While I’ve had this in operation for less than a week, the results I’ve seen so far make me think it’s going to be a big success. When Spring comes, I’ll simply remove the four panels and store them away. They are made to be light and easily moved, and they can be installed or taken down in about 15 minutes.

-- Bob, Missoula, MT -- Rocky Mountain Saw Works http://www.rmsaws.com/p/about-us.html





38 comments so far

View Mark Davisson's profile

Mark Davisson

586 posts in 2216 days


#1 posted 12-19-2013 11:53 PM

Bravo! And I’m glad to see you acknowledge how sunlight helps “warm the spirits!” The older I get the more I appreciate the emotional and physical benefits of exposure to sunlight.

-- I'm selfless because it feels so good!

View AandCstyle's profile

AandCstyle

1727 posts in 1156 days


#2 posted 12-19-2013 11:57 PM

Bob, that was a great idea and a wonderful project. Would it be possible/reasonable to vent some of the excess heat from your shop to your house?

-- Art

View summerfi's profile

summerfi

2148 posts in 586 days


#3 posted 12-20-2013 12:10 AM

Art – Probably not possible to do that with my house, because it sits 100’ away and downhill from my shop. However, it may be possible to vent heat to the second storey of my shop, which right now is just used for storage.

-- Bob, Missoula, MT -- Rocky Mountain Saw Works http://www.rmsaws.com/p/about-us.html

View SteveW's profile

SteveW

379 posts in 1757 days


#4 posted 12-20-2013 01:18 AM

Great project. I’m thinking I need something like that to help heat my shop in the cold weather.
I too have a natural gas heater, and can agree, that it sure can add to the monthly gas bill.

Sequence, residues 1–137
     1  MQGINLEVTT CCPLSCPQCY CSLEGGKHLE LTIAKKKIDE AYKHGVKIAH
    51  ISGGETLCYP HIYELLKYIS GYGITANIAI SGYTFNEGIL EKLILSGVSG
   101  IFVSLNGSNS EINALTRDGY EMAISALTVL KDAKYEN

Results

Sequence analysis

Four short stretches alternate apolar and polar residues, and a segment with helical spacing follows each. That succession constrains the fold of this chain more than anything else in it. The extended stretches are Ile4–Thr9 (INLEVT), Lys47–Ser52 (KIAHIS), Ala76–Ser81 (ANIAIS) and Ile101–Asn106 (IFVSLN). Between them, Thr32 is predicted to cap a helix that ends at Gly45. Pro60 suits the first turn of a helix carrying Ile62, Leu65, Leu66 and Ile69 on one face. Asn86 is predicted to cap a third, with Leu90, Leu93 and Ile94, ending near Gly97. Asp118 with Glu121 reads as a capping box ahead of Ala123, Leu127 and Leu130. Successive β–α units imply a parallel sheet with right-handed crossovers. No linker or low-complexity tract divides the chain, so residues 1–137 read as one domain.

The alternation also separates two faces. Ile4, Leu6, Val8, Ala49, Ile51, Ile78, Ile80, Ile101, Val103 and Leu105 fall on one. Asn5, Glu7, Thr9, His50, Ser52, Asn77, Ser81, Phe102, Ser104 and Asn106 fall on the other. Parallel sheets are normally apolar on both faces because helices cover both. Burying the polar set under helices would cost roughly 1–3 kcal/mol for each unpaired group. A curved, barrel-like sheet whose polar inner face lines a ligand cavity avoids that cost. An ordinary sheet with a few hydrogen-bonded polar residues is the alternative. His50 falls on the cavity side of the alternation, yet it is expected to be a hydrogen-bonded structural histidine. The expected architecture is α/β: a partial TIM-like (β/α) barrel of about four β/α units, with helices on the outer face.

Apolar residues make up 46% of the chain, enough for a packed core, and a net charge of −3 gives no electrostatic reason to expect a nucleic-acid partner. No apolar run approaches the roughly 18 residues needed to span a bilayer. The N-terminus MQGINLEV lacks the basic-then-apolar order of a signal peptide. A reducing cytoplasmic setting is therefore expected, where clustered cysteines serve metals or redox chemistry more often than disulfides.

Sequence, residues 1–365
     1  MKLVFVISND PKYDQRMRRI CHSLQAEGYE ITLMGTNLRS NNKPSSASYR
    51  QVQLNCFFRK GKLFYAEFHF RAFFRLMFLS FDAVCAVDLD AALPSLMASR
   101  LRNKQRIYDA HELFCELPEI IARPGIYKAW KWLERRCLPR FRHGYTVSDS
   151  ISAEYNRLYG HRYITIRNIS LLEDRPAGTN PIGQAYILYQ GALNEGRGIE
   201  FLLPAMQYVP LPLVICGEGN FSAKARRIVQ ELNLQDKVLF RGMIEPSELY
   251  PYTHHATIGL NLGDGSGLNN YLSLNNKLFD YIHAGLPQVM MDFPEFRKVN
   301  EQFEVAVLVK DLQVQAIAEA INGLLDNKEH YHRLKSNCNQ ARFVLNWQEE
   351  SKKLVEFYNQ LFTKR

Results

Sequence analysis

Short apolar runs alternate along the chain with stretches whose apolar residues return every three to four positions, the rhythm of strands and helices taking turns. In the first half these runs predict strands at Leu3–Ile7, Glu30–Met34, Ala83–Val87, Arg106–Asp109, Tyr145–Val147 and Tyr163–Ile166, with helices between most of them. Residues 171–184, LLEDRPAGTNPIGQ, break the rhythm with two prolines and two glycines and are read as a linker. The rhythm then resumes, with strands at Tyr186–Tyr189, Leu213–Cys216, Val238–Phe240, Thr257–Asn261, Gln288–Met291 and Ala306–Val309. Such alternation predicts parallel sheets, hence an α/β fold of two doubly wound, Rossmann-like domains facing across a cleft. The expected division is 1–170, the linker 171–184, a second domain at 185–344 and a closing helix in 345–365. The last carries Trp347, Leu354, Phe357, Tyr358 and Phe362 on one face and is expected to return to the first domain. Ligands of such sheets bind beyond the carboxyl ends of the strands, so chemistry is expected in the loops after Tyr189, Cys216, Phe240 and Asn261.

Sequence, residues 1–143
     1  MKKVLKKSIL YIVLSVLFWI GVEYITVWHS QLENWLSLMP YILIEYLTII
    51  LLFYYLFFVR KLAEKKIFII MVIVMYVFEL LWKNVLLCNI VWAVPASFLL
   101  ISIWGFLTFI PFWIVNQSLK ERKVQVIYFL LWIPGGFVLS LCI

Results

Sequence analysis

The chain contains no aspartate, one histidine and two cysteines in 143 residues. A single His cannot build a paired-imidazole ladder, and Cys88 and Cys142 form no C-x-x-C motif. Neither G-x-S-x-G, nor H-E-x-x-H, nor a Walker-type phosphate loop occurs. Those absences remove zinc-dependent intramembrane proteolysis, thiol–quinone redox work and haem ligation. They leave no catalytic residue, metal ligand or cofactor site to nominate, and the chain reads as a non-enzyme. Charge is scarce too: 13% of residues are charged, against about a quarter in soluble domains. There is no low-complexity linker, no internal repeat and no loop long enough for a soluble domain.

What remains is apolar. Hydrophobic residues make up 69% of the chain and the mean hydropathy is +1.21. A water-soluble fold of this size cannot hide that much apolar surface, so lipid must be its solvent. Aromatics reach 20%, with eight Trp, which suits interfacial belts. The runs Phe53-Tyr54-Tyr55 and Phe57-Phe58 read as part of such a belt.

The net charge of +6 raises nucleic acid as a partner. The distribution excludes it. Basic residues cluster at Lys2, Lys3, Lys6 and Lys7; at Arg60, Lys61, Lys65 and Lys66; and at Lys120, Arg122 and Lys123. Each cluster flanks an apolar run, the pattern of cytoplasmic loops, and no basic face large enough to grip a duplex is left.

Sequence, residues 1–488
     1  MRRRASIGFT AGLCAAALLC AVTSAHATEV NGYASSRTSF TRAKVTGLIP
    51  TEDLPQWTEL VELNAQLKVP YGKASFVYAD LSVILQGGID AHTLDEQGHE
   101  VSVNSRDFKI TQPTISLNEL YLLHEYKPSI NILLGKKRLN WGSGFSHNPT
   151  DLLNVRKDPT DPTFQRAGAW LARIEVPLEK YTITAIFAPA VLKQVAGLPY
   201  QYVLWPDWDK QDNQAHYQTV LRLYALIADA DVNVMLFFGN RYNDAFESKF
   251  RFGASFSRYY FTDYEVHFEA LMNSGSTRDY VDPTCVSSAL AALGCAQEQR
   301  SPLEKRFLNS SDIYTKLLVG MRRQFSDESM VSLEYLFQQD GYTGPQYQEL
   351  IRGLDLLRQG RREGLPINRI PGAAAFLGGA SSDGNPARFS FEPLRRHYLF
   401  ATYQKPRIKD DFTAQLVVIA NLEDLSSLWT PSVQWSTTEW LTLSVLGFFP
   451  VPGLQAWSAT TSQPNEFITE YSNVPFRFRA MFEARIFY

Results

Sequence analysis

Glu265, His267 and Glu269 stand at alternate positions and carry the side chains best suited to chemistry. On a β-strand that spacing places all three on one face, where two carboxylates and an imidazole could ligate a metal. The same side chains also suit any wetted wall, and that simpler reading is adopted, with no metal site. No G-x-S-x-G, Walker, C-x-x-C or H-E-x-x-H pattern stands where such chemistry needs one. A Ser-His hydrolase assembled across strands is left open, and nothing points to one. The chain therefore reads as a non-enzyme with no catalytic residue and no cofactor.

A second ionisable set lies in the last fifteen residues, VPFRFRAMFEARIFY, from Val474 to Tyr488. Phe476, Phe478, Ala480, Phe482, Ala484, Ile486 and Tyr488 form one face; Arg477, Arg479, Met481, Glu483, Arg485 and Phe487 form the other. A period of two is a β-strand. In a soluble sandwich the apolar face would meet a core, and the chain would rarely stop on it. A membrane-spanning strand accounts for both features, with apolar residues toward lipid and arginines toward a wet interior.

Are those panels polycarbonate that are open at the top and bottom, or did you seal them somehow?

-- On the eighth day God was back in His woodworking shop! SteveW

View john2005's profile

john2005

1460 posts in 1077 days


#5 posted 12-20-2013 01:22 AM

Bob, that looks like a pretty slick setup. I also struggle to keep my shop to temp, especially if I am gluing. Kinda wishing it faced south now. Definitely given me something to ponder.

-- In theory there is no difference between theory and practice. In practice there is.

View summerfi's profile

summerfi

2148 posts in 586 days


#6 posted 12-20-2013 01:25 AM

Steve – The polycarbonate panels fit inside a wooden frame and are sealed on all sides with clear caulking.

-- Bob, Missoula, MT -- Rocky Mountain Saw Works http://www.rmsaws.com/p/about-us.html

View luv2learn's profile

luv2learn

2030 posts in 1202 days


#7 posted 12-20-2013 01:45 AM

What a great way to heat your shop. Good thinking and very nice execution of an idea. Nothing better than free radiant heat. I didn’t know Missoula had winter time burn bans. Half the shops here in North Idaho are heated with wood.

-- Lee - Northern idaho~"If the women don't find you handsome, at least they ought to find you handy"~ Red Green